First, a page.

LGE Seen on MRI Top Risk Factor for HCM

To date, risk assessment in patients with hypertrophic cardiomyopathy (HCM) has largely focused on whether there is a need for an implantable defibrillator by evaluating an individual patient’s short term risk of sudden death, but has not looked at the long term risks of heart failure and other adverse outcomes over time.

A recent retrospective study by European HCM specialists asked the question of whether the addition of advanced imaging could assist in pinpointing patients at high risk of heart failure and/or other serious HCM complications over time. 

This study found that late gadolinium enhancement (LGE) as seen on cardiac MRI, as well as patients who present with New York Heart Class II or greater and who also have non-sustained ventricular tachycardia, are important variables to consider when assessing the long term risk from HCM.  

Additional factors which were associated with increased risk were:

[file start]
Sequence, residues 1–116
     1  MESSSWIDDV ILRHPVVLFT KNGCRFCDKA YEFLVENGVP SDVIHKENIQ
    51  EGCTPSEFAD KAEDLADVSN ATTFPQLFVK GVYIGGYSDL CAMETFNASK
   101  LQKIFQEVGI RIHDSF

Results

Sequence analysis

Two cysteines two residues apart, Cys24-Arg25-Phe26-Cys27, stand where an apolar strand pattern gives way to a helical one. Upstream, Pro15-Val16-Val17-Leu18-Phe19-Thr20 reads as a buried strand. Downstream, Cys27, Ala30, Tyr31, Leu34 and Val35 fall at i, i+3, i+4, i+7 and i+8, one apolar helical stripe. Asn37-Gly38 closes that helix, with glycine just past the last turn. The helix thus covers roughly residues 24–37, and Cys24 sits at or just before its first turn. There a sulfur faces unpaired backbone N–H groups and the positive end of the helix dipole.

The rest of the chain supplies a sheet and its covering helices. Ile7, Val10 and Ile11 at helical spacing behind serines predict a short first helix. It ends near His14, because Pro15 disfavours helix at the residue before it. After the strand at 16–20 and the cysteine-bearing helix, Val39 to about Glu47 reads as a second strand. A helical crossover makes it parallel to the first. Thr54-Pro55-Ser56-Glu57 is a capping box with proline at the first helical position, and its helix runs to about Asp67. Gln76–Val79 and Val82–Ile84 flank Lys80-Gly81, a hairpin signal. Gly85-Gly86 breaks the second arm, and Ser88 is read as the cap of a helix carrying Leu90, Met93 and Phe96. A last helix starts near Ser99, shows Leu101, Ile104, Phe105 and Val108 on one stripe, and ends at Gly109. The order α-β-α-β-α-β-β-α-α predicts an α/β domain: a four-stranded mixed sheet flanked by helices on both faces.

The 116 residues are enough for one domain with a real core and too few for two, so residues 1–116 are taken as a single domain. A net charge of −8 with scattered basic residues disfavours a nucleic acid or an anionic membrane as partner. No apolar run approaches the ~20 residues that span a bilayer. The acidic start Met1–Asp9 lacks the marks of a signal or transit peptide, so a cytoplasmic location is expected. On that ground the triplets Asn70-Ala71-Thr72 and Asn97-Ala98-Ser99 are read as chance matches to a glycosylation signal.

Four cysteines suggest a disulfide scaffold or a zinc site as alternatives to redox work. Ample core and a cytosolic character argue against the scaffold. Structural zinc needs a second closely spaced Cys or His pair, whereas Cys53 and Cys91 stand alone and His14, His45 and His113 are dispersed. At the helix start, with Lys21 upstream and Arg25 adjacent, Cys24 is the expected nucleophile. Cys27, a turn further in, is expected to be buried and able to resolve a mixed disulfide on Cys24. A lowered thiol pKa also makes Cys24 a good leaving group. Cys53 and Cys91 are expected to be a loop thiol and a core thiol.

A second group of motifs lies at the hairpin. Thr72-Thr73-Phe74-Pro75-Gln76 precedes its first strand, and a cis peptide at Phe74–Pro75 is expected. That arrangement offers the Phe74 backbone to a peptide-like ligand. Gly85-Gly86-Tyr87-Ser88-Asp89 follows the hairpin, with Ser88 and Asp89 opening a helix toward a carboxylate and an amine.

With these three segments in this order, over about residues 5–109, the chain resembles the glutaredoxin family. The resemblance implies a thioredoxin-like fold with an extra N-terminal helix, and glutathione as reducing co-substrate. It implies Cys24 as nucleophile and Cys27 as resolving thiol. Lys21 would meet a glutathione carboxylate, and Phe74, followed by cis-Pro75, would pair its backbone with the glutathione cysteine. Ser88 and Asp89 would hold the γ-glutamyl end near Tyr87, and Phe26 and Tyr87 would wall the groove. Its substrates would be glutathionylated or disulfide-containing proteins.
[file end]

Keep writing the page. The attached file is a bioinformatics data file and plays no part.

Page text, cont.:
• Increased levels of BNP or NT-proPNP
  • Positive genotype
  • Apical aneurysm
  • impaired global longitudinal strain as seen on cardiac imaging
  • left ventricular ejection fraction less than 50%
  • atrial fibrillation

The authors of this study suggest that current risk assessment tools be updated to incorporate data from the latest imaging technology. This would improve focus on the long term HCM picture for each patient. The authors suggest that future risk assessment tools combine imaging findings with clinical features and then the addition of artificial intelligence to synthesize all findings together. In combination, these modalities will lead to the development of machine learning algorithms for risk assessment.

An editorial comment to this paper by Dr. Steve Ommen of Mayo Clinic responded to this paper by saying that knowledge of the presence or absence of risk factors is not likely to change management of HCM patients until we are able to develop specific interventions to prevent the progression to heart failure or atrial fibrillation.

Dr. Ommen concluded his comment with this advice:

“In the end, caring for patients with HCM includes teaching the patients about HCM and the fact that adverse outcomes are not predestined for many patients. Normal longevity and quality of life are completely compatible  with HCM.”

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